Young-Jae Lee: Spinach Bowls
Galerie Karsten Greve Cologne
Tuesday - Friday 10 am - 6.30 pm
Saturday 10 am - 6 pm
on Friday, June 19, 2020, 12 - 7 pm
in presence of the artist
extended through August 29, 2020
Trends in Korean ceramics influenced the development of Japanese ceramics and porcelain. Examples of classical Korean ceramic wares include the Celadon ceramics from the Goryeo dynasty (918-1392) as well as the white ceramics from the Joseon dynasty (1392-1897). During the Joseon dynasty, Korean ceramic wares were considered to represent the highest quality of achievement from royal, city, and provincial kilns. These products were export articles. In the 16th century, the golden age of Korean ceramics, Korean ceramists produced their own drinking and dining bowls exclusively as tea bowls for the Japanese market, thus supporting the development of an excellent new ceramics culture. Inspired by the masters of the Joseon dynasty, Young-Jae Lee created her own aesthetically pleasing and simple pieces. She adopted the shape of the traditional Korean ceramic bowls and redefined it for her own drinking and dining bowl – the Spinach Bowl.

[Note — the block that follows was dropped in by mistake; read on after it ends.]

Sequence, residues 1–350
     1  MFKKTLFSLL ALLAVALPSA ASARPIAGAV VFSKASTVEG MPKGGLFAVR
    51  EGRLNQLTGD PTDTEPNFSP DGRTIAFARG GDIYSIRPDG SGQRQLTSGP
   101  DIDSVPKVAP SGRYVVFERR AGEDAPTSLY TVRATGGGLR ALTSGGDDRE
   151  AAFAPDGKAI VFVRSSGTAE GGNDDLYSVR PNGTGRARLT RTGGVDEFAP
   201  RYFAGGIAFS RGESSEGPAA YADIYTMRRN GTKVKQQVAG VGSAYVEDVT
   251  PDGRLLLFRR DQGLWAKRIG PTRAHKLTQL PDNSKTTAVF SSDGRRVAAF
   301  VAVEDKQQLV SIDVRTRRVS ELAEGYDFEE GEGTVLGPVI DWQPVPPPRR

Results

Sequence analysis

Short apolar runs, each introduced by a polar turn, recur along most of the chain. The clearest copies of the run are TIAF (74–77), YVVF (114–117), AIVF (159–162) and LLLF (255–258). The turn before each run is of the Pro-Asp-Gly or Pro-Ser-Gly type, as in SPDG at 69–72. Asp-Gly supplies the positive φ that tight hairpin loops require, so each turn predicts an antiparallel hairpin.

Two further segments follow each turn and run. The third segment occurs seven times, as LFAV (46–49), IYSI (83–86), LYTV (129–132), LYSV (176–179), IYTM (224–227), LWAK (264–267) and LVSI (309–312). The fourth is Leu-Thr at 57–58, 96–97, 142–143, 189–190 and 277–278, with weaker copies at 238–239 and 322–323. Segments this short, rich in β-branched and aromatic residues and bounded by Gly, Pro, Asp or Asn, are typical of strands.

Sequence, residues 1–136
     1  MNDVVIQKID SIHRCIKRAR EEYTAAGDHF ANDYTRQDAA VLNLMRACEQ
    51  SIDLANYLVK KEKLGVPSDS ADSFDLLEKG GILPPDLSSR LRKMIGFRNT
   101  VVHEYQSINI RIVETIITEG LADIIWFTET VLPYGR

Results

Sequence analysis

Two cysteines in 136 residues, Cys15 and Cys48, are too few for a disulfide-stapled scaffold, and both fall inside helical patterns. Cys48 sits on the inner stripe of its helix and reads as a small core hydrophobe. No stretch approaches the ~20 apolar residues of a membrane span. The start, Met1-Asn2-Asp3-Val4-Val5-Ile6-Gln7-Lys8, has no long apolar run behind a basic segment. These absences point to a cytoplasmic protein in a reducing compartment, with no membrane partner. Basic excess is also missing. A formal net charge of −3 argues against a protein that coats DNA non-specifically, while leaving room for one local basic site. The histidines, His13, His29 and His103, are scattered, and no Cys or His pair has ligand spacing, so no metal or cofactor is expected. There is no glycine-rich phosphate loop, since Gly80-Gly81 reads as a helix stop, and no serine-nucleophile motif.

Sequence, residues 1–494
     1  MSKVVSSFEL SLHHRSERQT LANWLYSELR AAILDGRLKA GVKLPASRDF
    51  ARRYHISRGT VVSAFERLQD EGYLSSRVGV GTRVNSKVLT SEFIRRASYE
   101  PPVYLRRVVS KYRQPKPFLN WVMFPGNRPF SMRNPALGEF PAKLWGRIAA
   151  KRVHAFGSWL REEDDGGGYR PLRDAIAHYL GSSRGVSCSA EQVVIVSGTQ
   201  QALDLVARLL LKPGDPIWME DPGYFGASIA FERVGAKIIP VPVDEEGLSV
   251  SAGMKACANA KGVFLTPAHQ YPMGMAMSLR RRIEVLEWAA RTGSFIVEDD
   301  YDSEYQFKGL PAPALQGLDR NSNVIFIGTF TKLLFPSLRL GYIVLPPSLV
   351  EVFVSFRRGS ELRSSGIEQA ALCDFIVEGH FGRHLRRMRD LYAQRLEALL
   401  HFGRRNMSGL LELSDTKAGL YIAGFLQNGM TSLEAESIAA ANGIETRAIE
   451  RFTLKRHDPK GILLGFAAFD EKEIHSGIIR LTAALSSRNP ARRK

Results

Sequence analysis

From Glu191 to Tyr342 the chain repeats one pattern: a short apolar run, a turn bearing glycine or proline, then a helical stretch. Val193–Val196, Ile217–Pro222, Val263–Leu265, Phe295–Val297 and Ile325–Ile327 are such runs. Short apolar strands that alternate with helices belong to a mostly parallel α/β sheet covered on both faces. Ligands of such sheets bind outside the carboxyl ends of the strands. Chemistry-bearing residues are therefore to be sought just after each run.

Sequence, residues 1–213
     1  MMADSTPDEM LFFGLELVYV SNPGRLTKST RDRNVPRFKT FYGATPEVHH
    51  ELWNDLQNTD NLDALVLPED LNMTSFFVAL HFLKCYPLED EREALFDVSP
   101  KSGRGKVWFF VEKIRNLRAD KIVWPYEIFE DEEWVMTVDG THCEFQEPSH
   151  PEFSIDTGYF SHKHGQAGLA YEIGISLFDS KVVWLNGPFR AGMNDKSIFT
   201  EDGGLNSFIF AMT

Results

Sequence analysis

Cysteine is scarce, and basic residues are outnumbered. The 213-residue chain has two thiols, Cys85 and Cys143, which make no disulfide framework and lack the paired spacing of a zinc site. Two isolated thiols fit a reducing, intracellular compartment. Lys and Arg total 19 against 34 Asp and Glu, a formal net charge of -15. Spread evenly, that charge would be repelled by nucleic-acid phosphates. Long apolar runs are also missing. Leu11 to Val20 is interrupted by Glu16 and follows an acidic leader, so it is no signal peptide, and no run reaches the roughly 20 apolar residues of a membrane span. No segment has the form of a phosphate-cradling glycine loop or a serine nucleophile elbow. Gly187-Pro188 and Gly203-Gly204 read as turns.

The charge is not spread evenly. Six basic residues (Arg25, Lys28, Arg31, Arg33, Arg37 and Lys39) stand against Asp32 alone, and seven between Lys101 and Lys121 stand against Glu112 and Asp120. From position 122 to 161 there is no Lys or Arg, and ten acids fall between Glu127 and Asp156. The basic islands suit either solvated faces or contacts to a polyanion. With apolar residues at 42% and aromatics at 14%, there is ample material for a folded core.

Young-Jae Lee loves to throw the same vessel type a hundred times over, because repetition creates manifold possibilities. Most Spinach Bowls have a simple, barely visible base ring. The bowl itself bulges upwards. It is about two thirds wider than it is high. This gives the impression that the bowls are aligned horizontally rather than vertically. The Spinach Bowls have an almost uniform height between 7 and 8.5 centimeters (between 2.75 and 3.35 inches) and a diameter of 11 to 12 centimeters (4.3 to 4.7 inches). The transition from the round-bellied shape of the bowl to its rim is relatively straight or slightly curved. The inside of the base shows snail-like or concentric traces of rotation. Despite their uniformity, each Spinach Bowl has its own distinctive character. What gives them their individual peculiarity is their ceramic glazes; some bowls have earthy and reddish-brown glazes, others have whitish to light brown ones. White, gray, or bluish glazes, known from the artist's early bowls, are rarely found now.
Presented by Galerie Karsten Greve in Cologne, Young-Jae Lee comes across as an artist who is a mediator between Korean and Japanese, Asian and European culture, whose works merge the ancient tradition of Korean ceramics with modern art specifically European in character.